Your roots in good health began with your parents. What lessons did you learn from them?
Just about everything. Truly! Foremost, I learned how important relationships are to happiness and health. My parents never ever argued, and we had friends galore. They were always a little bit different, which was fine. We had no money, so we made friends instead. Mom started a vegetable garden wherever we lived, and my job was to deliver extra vegetables to neighbors. For example, we lived in Marin County when we returned from Tahiti, and we became part of the community quickly.
“I learned how important relationships are to happiness and health”
Mom was a health nut and was a registered nurse at People’s Hospital in Brooklyn. She said it was “a place where everyone came to die,” so she set out to live her life, and our family’s lives, with good health a priority. She truly had an exercise routine. I watched her do old-fashioned calisthenics. They were old-fashioned back then, but they worked, and she had a great figure. She loved hiking, and always joined a hiking club whenever we moved. In summer we would go to different health camps in Mexico or Southern California. That was her summer community.
I learned to be an independent thinker because of my mom’s commitment to her children’s healthy diet. I was miserable in school when I came back to the US from living in Tahiti because all my schoolmates liked to share their sandwiches at lunch hour; they would exchange halves. No one would exchange a half with me because mine was on germinated wheat bread with peanut butter — or something equally healthy. I began to sit on a separate bench with the outliers in class. I wasn’t going to sit with the sharers anymore! That was the beginning of my independent thinking.
What is your “secret” to longevity?
While I’ve probably (and only probably) done the right things when it comes to food, sleep, and exercise, I would say my foremost “secret” to longevity has been my Pollyanna attitude. My life has been stressful and uncertain at times, but I just know and believe that things will work out, and they usually do. I often say: Do right, eat right, move right, sleep right, think right. I do not worry; I just do my best.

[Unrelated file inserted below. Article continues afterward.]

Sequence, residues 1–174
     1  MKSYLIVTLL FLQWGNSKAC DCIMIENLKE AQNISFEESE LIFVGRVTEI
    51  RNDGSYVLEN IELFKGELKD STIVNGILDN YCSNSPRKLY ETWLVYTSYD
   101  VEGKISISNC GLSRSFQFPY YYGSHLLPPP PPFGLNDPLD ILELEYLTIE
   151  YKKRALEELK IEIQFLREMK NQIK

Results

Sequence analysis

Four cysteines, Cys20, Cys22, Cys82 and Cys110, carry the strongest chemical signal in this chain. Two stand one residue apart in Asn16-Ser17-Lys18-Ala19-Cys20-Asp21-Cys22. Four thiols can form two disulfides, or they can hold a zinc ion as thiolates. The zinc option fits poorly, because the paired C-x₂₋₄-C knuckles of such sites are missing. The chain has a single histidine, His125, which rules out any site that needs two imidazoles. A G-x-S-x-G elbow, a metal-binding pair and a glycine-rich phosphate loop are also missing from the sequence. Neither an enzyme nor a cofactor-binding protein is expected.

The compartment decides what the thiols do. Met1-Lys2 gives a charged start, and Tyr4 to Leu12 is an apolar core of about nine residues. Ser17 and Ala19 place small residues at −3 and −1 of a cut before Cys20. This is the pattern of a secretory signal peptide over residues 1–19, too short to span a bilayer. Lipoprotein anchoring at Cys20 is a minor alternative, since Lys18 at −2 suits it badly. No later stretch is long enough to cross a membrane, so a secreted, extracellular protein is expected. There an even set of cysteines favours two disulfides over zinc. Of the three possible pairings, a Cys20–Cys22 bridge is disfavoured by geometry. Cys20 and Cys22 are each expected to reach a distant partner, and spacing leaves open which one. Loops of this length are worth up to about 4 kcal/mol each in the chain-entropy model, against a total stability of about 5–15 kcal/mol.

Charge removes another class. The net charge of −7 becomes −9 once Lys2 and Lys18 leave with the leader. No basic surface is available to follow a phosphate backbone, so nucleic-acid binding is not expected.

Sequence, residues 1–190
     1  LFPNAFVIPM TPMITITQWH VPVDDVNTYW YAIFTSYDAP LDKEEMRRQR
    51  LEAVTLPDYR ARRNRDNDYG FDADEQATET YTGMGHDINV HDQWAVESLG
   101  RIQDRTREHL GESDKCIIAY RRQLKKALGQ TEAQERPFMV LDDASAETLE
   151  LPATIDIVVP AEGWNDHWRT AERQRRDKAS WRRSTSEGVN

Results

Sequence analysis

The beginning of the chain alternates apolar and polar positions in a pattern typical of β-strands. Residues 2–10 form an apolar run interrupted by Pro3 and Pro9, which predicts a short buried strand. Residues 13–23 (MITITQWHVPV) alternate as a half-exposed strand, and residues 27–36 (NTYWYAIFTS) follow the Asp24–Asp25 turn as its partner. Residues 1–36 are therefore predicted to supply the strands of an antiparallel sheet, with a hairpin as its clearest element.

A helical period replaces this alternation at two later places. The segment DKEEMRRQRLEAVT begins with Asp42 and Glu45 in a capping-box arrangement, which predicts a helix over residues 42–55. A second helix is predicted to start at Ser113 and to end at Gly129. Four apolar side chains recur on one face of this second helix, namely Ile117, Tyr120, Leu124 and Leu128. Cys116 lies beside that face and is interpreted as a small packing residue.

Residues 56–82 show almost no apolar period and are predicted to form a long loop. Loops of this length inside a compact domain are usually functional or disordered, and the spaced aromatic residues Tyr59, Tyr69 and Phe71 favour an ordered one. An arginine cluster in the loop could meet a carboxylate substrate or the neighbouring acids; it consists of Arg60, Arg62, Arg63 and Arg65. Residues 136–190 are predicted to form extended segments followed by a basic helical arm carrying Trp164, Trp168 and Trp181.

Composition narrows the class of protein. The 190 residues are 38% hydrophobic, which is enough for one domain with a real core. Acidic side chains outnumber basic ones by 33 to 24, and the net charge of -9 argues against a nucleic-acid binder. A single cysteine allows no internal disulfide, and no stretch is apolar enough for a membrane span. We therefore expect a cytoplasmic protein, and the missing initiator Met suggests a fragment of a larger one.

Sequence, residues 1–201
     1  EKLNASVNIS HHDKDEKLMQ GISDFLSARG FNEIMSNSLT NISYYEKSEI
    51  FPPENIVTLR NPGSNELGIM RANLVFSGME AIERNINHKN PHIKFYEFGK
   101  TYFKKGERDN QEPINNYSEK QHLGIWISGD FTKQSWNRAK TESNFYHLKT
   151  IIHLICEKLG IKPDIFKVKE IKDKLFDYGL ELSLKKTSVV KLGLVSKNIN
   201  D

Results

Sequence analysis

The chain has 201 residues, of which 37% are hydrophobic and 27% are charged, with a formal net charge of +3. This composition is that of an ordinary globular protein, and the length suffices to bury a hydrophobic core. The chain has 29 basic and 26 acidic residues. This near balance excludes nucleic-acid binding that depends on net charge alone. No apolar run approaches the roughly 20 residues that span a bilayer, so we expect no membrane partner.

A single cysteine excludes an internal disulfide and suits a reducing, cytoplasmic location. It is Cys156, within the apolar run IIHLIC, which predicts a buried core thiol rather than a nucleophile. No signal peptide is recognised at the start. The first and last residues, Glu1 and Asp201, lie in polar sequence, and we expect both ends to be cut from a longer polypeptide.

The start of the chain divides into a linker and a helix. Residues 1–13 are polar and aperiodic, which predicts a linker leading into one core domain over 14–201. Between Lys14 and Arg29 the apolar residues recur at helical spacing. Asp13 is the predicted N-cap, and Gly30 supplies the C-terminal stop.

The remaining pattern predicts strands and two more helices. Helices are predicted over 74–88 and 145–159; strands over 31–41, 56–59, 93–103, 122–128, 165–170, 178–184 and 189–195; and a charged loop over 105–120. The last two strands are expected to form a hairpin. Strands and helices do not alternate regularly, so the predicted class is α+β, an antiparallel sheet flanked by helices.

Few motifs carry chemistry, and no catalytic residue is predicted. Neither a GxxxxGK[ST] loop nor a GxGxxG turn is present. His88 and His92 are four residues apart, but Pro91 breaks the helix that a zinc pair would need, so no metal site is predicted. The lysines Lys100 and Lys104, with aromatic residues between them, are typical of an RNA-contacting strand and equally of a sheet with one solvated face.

“Beware of what I call ‘The Smidgens’ “
How can we all live healthier, happier lives, no matter what age?
If I had to name one major action you can do, it’s this: beware of what I call “The Smidgens.” If you add one little packet of artificial sweetener to your tea every day, those little “smidgens” someday add up to a dump truck full of smidgens. And so it goes with any smidgen that can be bad for you. They add up.
Another: When you wake up, don’t pop right out of bed. Instead, spend 10 minutes feeling blessed and grateful for all the gifts that you have been given. Get your day started on the right foot.
What is your proudest accomplishment?
My three lifetime achievements of which I am most proud are: my daughter, Sarah Livia Szekely Brightwood, who now manages Rancho La Puerta and is doing a wonderful job; the publication of Setting Course: A Congressional Management Guide, a how-to manual for freshman US legislators; and third, the creation of The Ranch and Golden Door.